09 Jun Black & White Photography
A Black & White World
Every time I take a picture I wonder how it would look like if it was in Black & White. The result must pass this test because if it doesn’t I just delete the picture. I shoot in colour but I think in Black & White!
I confess that I have a soft spot in my heart for black & white images. It might be because of the first film that I got into my hands and the whole magical procedure that happens in a darkroom: this was, after all, the incentive that charmed me into photography.
Maybe it’s the feeling that two so opposite and symbolic colours, like black and white, can be combined together to present so vividly and clearly all the emotion of the human condition, without the siren of colour navigating the eye onto different paths.
It might be because since my childhood I love looking and feeling all the black and white photographs that hold my family history. Now that I think of it, maybe it’s because I dream in black and white… and this is a way to make my dreams revive into real life…
Dancing with Memories
Nowadays digital photography seems to be the main way of capturing important memories. And the intense use of pocket-sized cameras through mobile phones has transformed the photography process into a social media friendly add-on feature.
While it is true that never before people could have access to so many digital tools to beautify an image, photography still relies completely on the balance between light and shadow. Photography as a notion is writing with light what we see with our own eyes. In a way, light invites the photographer attention to witness and capture a slice of reality and time… pictures freeze time within their frames.
Kodachrome, back in the 30s and 40s, added colour in the mainstream black & white photography. Although many photographers feared that their B&W film photography portfolios would gradually look obsolete, an incredible turnover happened.
“To me, photography is the simultaneous recognition, in a fraction of a second, of the significance of an event.” – Henri Cartier-Bresson
Black and White film photography became an expression of fine art. Today we see excellent B&W Photography works of art in street photography, photojournalism, fashion photography, glamor portraiture and wedding photography and etc.
Photography is one of the most contradictory forms of art. A photography camera can be invasively objective but also absurdly emotional and romantic. Each click captures a moment, an event, a fact, an emotion, a memory and it can also capture the invisible vibes. The immediate nature of photography is more obvious through the digital and less when a photographer is using film.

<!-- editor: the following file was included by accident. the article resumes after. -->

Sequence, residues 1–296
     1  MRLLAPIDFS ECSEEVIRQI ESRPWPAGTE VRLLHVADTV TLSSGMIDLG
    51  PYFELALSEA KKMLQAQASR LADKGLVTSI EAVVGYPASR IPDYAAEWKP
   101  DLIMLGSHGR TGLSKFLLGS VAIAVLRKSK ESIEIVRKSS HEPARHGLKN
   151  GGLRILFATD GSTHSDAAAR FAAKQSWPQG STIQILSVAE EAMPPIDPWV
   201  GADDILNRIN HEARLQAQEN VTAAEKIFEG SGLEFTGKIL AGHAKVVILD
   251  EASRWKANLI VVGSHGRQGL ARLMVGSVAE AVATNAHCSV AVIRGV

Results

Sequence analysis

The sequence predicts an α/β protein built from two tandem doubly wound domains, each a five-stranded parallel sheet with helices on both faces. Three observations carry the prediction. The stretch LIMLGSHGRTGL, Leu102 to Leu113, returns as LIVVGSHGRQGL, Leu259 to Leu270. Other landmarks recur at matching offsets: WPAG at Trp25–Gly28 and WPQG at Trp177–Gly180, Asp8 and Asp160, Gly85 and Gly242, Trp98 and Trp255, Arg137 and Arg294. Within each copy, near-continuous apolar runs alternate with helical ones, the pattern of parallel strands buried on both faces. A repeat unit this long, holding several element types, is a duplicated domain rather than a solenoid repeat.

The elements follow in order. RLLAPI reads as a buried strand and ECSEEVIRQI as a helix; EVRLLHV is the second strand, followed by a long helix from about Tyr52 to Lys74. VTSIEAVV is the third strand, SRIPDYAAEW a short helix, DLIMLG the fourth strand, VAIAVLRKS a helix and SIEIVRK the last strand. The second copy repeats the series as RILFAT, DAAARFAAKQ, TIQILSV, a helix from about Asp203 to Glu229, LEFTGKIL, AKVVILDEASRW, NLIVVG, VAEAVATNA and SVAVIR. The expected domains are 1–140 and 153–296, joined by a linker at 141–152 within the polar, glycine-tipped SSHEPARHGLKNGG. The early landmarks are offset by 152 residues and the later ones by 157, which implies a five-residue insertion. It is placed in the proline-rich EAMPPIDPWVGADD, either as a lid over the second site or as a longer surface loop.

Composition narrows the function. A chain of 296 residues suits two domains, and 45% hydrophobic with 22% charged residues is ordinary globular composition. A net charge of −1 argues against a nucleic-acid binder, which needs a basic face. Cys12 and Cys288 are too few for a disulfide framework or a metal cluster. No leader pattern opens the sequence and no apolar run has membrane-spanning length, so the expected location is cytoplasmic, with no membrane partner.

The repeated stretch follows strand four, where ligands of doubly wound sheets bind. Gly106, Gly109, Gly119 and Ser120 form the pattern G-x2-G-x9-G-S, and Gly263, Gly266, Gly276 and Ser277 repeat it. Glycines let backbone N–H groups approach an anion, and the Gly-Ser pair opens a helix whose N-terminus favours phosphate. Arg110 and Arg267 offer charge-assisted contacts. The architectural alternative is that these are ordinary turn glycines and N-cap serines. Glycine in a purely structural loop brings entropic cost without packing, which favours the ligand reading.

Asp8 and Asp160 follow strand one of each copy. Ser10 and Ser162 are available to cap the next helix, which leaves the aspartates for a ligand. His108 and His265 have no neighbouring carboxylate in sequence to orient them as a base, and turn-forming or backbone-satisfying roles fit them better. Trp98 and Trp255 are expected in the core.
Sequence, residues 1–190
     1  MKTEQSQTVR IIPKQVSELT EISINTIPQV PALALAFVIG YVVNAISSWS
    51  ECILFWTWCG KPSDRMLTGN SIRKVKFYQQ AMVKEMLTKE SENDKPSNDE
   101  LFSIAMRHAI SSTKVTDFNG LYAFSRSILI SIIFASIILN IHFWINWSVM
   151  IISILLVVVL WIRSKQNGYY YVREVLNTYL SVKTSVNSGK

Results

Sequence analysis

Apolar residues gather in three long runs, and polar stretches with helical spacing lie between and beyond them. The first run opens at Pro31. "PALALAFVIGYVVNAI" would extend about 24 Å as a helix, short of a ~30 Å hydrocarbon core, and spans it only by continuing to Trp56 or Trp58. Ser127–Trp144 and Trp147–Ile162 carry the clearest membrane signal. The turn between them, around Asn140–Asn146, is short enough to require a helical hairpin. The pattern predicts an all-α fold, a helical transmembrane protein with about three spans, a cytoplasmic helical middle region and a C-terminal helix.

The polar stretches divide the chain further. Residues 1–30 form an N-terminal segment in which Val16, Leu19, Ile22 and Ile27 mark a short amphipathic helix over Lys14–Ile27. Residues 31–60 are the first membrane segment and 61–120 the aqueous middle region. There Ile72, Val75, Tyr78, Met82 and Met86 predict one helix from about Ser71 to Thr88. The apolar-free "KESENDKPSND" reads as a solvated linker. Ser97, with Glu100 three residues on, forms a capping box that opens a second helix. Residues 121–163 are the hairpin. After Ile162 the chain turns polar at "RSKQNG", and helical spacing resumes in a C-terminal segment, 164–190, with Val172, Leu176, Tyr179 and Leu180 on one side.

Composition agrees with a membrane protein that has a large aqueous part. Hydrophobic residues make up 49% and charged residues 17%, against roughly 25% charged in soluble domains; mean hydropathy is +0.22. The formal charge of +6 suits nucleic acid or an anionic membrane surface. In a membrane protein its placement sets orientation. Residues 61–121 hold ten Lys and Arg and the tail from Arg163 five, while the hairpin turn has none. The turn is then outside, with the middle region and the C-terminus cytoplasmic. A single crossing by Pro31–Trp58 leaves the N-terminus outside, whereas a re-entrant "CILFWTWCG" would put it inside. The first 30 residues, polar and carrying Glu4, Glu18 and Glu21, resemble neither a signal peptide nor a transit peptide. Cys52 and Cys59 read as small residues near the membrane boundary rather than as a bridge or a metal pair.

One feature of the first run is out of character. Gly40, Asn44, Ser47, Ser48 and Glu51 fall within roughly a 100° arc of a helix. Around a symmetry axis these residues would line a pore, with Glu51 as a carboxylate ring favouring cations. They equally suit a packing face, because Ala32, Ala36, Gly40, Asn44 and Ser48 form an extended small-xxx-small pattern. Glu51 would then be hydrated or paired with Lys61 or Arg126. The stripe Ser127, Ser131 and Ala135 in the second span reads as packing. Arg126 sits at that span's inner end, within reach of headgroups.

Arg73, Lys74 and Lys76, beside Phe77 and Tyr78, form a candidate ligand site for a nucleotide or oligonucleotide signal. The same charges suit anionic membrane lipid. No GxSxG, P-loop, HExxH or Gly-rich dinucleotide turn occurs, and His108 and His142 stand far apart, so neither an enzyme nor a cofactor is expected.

Digital photography tends to obey in a rhythm of life that is always in a speed mood. On the other hand, film photography adopts a slower pace and permits humans to notice the connection between the photographer and the subject or theme that is been photographed.
Film photography swipes out the element of narcissism, impatience, restlessness, loneliness and isolation. It is much more than just technical details which make a film photograph a piece of art.
Especially B&W photography has the ability to eliminate the unnecessary noise or distraction from an image. The simplicity of black and white tones do all the heavy lifting of unspoken words and emotions… it transforms a picture into a story that reveals the inner truth of the moment.
Take your Time
A film needs time to develop and more time to get them in print and then to be digitized. It can take up to 2 or 3 weeks to get the actual photographs on your hands. Many will wonder, why should they wait for so long when they can have a digital photograph in a minute.
Have you ever visited a friend’s house for a Sunday lunch? After all the delicious food, drinks, talks and maybe a short sofa siesta, have you had these sentimental moments by sharing personal stories from your life or childhood? I am sure you have! In these lazy evenings among friends, the question arises: “Do you have a photo album so we can see together?”
A moment comes where we all want to share our memories with our friends, family members or even with ourselves by looking at photo albums. Traveling to our childhood, family history, younger years, student years, vacation trips, important accomplishments, engagement and wedding day can be so inspiring… but only if there are all gathered in a form that gives a sense that they have a significant value.
Don’t get me wrong… Both digital and film photography are equally important. But film photography and in particular B&W film photography makes any moment a very intimate moment. Your personality and character will shine in ways that you never knew that ever existed…
A few weeks ago I had the privilege to attend a one of a kind film photography workshop in Spetses island. Les Anagnou and Justine Milton organized Phos Workshop and gathered the top instructors and vendors around wedding photography.
Being a professional wedding photographer for more than a decade doesn’t mean that you stop learning new ways to capture light. On the contrary, you are always searching opportunities to go beyond your safe zone and try new paths of creation. And exactly that happened in the Phos Workshop!
When you are growing you must spend more time to re-introduce yourself not only to other people but also to all your personal and professional choices you have made. The essence of life is built on how well you know yourself.
The feeling of trust, peace of mind and felicity are my cornerstone values. Like all human beings, I seek for truth, joy and happiness. At no point in this workshop, I expected to redefine the way I see things… It may sound a bit nostalgic but during Phos Workshop, I fell in love again with the art of photography and I remembered why I am a photographer. Because I adore life!